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Asian Americans Advancing Justice | AAJC Urges FCC to Protect Interests of Asian Americans on the Internet

Jul 15, 2014
July 15, 2014
CONTACT: Kelsey Crow
202-499-7027 x. 107
Asian Americans Advancing Justice | AAJC Urges FCC to
Protect Interests of Asian Americans on the Internet
FCC Open Internet Proposals Makes Significant Strides to
Promote an Open Internet But Additional Protections Needed
WASHINGTON—Today, Asian Americans Advancing Justice | AAJC (Advancing Justice | AAJC) submitted preliminary comments regarding the Federal Communications Commission's proposals to protect and promote an open Internet, also known as "net neutrality" rules.
"Our comments today reaffirm our values as a civil rights organization and that we believe in the importance of a diversity of voices and freedom of speech, including being able to share your stories and access all speakers on the Internet," said Mee Moua, president and executive director of Advancing Justice | AAJC. "As civil rights advocates, we stand against discrimination and support fairness and equity, whether it is in traditional settings or in the digital age." 
"The Asian American community greatly benefits from the Internet ecosystem. It levels the playing field for minority voices and entrepreneurs, empowers and promotes integration of our community, supports the production and distribution of culturally and linguistically relevant content and provides economic opportunity."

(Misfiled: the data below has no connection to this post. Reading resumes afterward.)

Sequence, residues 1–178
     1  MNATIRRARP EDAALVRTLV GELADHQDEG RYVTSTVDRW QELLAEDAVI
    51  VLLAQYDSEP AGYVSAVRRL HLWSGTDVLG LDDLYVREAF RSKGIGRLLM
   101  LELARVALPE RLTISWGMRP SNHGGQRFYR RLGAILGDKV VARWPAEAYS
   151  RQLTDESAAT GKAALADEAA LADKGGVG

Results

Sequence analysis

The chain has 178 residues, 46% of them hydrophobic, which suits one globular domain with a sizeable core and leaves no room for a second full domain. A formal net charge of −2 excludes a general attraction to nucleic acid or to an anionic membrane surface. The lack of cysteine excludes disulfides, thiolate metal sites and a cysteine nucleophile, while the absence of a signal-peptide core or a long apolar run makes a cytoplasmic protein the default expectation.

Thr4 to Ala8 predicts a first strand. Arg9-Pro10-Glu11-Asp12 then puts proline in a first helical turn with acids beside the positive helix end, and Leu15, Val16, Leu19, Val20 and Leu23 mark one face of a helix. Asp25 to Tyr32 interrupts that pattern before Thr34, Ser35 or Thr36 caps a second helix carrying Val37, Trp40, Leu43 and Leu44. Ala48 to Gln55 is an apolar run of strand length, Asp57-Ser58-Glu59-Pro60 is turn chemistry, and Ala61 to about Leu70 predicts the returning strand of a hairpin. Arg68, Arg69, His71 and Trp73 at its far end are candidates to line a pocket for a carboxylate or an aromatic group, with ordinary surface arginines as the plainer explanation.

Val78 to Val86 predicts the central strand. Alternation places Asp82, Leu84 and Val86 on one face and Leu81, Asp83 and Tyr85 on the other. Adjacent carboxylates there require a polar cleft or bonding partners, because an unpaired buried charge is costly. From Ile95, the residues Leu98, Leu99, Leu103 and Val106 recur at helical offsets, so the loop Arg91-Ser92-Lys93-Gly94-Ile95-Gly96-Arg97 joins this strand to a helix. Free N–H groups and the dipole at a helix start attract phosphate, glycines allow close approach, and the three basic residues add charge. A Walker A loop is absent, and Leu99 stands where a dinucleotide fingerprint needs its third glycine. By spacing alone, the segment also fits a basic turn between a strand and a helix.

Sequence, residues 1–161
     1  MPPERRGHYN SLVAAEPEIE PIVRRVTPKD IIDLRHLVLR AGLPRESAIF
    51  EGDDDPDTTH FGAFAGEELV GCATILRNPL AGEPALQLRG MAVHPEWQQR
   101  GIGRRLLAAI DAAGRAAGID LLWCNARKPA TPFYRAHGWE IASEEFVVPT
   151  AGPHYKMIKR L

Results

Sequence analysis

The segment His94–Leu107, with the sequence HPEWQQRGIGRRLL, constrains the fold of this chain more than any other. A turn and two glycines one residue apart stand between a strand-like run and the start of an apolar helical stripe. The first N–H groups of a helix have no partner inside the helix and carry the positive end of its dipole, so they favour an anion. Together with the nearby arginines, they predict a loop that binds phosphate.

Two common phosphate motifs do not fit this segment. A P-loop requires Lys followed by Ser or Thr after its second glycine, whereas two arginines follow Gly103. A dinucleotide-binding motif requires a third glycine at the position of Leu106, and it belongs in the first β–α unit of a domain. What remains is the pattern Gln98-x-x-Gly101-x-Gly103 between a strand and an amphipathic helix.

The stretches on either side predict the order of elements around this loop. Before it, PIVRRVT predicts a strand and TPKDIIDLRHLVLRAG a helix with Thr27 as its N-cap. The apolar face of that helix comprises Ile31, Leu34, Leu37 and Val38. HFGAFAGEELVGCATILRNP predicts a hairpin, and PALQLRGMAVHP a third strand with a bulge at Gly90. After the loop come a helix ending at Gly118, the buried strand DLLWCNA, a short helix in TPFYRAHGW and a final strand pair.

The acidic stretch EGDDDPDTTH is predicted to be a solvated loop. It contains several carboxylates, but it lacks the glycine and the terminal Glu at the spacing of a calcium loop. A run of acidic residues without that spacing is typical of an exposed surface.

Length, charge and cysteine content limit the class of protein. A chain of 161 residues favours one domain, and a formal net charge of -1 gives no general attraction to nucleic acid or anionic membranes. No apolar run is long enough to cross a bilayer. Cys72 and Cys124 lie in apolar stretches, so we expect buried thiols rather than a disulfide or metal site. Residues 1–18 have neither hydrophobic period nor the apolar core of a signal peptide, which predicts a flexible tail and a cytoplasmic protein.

The Commission's proposed rules seek to ensure Internet service providers (ISPs) do not block Internet users' abilities to access legal content from websites, or edge providers, on the Internet. The rules also set forth a "commercially reasonable" standard that prohibits ISPs, based on the totality of the circumstances, from practices that harm the openness of the Internet and all the benefits that follow from the free flow of ideas and information on the web, including investment, innovation and deployment of broadband networks. 
"The commercially reasonable standard allows for certain forms of pay-for-prioritization, where an edge provider pays an ISP to prioritize its content to the ISP's end users," said Jason T. Lagria, Advancing Justice | AAJC senior staff attorney. "While we support the Commission's effort to craft net neutrality rules, we are concerned the standard does not sufficiently protect the interests of minority entrepreneurs with limited resources and the communities that rely on their content."
"Collectively, Asian Americans have the highest rate of Internet usage and spend more time surfing the web and viewing online videos than any other group. The Internet allows Asian Americans to access culturally and linguistically relevant content that mainstream media does not provide. Asian Americans also want content with people that resemble us and the Internet has evolved to meet these needs." Advancing Justice | AAJC recognizes that while some forms of prioritization may be beneficial, the Commission should explicitly consider and protect against the negative impact of paid prioritization on minority communities. 
"We look forward to working with the Commission to develop policies that ensure the interests of the Asian American and other minority communities are met," said Moua.